Research Aid Revisited: A historically grounded analysis of future prospects and policy options2017Report (Other academic)
  • 41.
    Nilsson, David
    et al.
    Philosophy and History, KTH, School of Architecture and the Built Environment (ABE), Philosophy and History of Technology, History of Science, Technology and Environment.
    Sörlin, Sverker
    Philosophy and History, KTH, School of Architecture and the Built Environment (ABE), Philosophy and History of Technology, History of Science, Technology and Environment.
    Research Aid Revisited: a historically grounded analysis of future prospects and policy options2017Report (Other academic)
    Abstract [en]

    This report examines the historical path as well as current tendencies of the Swedish government’s support to development research and research capacity building in low-income countries, or simply “research aid”. It also presents some ideas for future policy options.

    Research aid was institutionalised in the 1970s as part of Sweden’s growing ambitions on the international development aid scene. This ambition was driven by several motives, such as international solidarity but also economic and foreign policy motives, and can be understood as part of a movement to find, and strengthen, Sweden’s geopolitical niche in the Cold War landscape. It also tapped into longer global political movements on civilisation, decolonisation and development, as well as international scientific discourses on economic growth, over-population and environmentalism. The process which led up to the establishment of SAREC (Swedish Agency for Research Cooperation with Developing Countries ) in 1975 echoed many of the ideas and initiatives at international level in the 1960s, mainly within the sphere of the United Nations, that underscored the importance of science and technology for development. In short, science and research capacity was needed to meet challenges in the South, which was seen as lagging behind in terms economic and social development level.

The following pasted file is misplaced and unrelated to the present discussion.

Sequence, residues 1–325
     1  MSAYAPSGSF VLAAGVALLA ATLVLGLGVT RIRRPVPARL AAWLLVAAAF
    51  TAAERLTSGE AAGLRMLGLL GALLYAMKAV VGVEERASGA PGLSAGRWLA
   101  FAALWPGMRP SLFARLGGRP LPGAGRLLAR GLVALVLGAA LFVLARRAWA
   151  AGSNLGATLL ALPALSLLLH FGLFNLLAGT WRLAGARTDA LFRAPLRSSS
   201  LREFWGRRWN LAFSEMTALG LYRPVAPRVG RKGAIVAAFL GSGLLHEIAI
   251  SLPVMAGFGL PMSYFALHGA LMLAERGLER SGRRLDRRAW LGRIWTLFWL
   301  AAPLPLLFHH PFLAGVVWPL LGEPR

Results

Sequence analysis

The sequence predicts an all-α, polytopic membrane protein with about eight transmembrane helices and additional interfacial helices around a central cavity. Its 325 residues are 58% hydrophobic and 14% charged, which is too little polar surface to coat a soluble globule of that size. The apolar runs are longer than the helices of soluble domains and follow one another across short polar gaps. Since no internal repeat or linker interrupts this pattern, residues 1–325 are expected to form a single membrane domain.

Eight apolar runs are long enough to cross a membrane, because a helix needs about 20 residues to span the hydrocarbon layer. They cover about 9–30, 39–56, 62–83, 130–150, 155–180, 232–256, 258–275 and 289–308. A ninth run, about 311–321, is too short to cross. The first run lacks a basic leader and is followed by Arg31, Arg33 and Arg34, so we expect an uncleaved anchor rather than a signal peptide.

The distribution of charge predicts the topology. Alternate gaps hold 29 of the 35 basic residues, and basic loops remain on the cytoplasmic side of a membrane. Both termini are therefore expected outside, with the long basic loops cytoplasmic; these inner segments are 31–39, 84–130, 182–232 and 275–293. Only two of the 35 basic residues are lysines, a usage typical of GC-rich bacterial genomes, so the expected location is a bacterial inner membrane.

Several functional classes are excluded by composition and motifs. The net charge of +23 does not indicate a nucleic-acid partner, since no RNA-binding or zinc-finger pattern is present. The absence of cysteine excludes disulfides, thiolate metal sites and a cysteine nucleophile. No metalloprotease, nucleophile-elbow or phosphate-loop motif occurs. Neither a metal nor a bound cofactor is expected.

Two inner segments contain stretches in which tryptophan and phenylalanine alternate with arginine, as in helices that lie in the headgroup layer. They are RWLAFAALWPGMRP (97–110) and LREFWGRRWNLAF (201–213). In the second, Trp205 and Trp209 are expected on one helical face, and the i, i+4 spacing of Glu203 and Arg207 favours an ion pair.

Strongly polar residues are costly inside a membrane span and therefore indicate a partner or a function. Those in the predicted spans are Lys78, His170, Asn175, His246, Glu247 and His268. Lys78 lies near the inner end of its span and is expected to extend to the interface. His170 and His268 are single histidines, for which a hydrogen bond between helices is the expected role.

A Swedish framework for research aid developed in the formative period of the 1970s and early 1980s, which after that has largely persisted:

    • bilateral cooperation for capacity building based on partnerships with Swedish universities, PhD and Master education through sandwich-programmes, and infrastructure support;
    • support to global and regional research organisations, with a handful of organisations getting the bulk of the funding;
    • research in Sweden of relevance to developing countries through a science council function, where a handful of universities attract most of the funding;
    • a relatively stable funding regime with 3-4 % of government aid allocations going to research, divided into streams of 25-30% to bilateral support, 50-60% to global and regional organisations, and 10-15% to Swedish university research. In relative terms, a downward funding trend is noted over the past decade.